Capillary blood glucose monitoring, inpatient hypoglycaemia and quality of care

Gregory C Jones, Colin G Perry, Andrew Monaghan, Brian Kennon, Christopher AR Sainsbury


Aims: Hypoglycaemia confers excess morbidity and mortality. UK guidelines recommend capillary blood glucose (CBG) measurement is repeated 15 minutes following identification and treatment of CBG <4mmol/l. We assessed adherence to this guidance, influence of initial CBG on time to repeat (TTR), and the impact of a quality improvement intervention on TTR.

Methods: We identified CBG readings (Abbott-PrecisionWeb) of 18,118 inpatients with recorded hypoglycaemic CBG between January 2009 and September 2013. TTR and associations with initial CBG were investigated. A single ward was targeted with an intervention (National Health Service Scotland Quality Improvement Hub ThinkGlucose pilot) during 2012. TTR was identified and compared before, during and after intervention.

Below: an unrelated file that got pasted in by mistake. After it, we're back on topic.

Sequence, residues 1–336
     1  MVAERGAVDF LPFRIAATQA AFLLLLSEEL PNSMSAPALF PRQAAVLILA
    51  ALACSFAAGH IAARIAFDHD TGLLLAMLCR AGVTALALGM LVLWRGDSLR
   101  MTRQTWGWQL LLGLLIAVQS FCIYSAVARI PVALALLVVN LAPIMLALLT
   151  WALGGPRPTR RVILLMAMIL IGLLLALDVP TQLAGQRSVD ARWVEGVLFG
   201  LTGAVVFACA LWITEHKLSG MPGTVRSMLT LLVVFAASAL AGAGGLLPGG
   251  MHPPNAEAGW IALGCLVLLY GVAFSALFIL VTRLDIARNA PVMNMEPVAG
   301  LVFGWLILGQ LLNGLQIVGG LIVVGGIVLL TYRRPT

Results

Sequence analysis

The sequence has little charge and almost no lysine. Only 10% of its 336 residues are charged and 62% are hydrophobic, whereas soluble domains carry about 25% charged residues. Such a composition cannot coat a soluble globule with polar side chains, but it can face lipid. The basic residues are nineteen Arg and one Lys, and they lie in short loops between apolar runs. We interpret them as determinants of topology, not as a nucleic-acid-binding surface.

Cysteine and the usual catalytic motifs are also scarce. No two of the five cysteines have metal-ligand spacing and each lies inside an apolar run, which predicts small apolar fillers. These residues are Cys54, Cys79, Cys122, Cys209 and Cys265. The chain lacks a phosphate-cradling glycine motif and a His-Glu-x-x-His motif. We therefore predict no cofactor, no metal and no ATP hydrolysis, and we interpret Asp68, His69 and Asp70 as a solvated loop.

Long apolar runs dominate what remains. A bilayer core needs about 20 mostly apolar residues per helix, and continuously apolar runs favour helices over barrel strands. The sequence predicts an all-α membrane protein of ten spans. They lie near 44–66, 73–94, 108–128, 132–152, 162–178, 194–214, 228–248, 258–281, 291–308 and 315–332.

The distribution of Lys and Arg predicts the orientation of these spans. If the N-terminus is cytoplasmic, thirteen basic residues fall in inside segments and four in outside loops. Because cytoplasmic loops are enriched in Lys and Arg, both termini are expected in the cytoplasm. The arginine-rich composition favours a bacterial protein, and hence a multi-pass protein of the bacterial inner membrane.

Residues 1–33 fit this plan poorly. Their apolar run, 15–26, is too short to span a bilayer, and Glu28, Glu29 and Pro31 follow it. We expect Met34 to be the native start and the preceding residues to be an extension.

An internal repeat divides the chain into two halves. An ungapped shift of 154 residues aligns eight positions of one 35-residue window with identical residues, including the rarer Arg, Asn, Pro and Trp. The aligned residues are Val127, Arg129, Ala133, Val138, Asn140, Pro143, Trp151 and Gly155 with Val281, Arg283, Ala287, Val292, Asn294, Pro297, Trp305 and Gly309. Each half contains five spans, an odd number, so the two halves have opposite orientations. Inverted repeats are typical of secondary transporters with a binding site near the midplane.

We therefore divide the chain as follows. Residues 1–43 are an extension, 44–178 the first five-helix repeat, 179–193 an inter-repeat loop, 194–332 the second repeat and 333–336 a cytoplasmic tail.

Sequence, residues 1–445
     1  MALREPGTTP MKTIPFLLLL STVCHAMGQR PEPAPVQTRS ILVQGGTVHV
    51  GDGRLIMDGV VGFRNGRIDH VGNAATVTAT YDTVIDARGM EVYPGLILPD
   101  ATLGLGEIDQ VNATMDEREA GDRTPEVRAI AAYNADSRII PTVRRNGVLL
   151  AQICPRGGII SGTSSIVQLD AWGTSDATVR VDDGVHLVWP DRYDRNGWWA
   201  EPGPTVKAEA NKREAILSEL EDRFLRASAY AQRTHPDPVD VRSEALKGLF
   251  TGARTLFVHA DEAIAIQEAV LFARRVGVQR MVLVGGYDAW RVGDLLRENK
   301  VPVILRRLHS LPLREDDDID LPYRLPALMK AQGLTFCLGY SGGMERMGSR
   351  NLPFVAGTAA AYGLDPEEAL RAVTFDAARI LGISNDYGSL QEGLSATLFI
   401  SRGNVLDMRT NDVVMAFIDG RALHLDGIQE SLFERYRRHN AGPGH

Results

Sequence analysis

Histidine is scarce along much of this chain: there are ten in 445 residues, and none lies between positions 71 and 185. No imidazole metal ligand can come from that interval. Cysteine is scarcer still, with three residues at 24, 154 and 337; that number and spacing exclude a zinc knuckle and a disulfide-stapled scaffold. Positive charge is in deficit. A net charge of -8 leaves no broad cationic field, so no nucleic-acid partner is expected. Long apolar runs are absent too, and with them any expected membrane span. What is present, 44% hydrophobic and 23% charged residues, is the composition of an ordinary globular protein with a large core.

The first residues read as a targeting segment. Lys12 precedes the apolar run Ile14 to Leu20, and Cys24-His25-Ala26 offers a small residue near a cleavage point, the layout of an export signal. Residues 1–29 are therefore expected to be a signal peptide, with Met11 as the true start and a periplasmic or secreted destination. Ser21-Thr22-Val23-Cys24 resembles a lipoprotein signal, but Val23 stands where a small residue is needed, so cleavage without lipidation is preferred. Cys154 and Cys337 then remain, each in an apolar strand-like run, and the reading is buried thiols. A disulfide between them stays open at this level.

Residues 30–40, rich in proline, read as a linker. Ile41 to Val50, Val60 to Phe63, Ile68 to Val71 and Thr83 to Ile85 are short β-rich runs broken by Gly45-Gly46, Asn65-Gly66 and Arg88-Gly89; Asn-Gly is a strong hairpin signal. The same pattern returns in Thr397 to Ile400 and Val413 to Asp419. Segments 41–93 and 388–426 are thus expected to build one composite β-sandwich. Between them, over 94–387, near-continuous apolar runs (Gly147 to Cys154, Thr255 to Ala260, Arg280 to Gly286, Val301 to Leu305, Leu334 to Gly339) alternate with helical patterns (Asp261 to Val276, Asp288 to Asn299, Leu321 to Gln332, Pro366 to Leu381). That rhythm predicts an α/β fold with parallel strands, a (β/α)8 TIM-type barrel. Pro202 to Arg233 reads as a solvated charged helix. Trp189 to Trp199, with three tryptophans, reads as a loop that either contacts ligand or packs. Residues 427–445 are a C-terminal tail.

Results: Of 90,935 CBGs <4mmol/l, 4.4% had no recorded repeat CBG. Of the 83,484 repeated CBGs, median TTR was 80 minutes, with 8.9% repeated within 15 minutes and only 42.2% within 60 minutes. TTR was proportional to initial CBG with median 22 minutes (IQR 10-47) for initial CBG 1-1.9 mmol/l, median 48 minutes (IQR 24-104) for 2-2.9 mmol/l, median 112 minutes (IQR 52-309) for 3-3.9 mmol/l(p=0.05). On the vascular unit, TTR improved post intervention from a median 77 minutes (IQR 37-281, n=843) to 29 minutes (IQR 19-55, n = 1041), and improvement persisted with median 20 minutes (IQR 15-28, n=268) in the nine months after the project ended.

Conclusions: TTR is a marker of treatment quality in hypoglycaemia and is suboptimal. TTR reduces with worsening initial degree of hypoglycaemia. We have shown a quality improvement package can produce sustained reduction of TTR.

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The Journal of the Association of British Clinical Diabetologists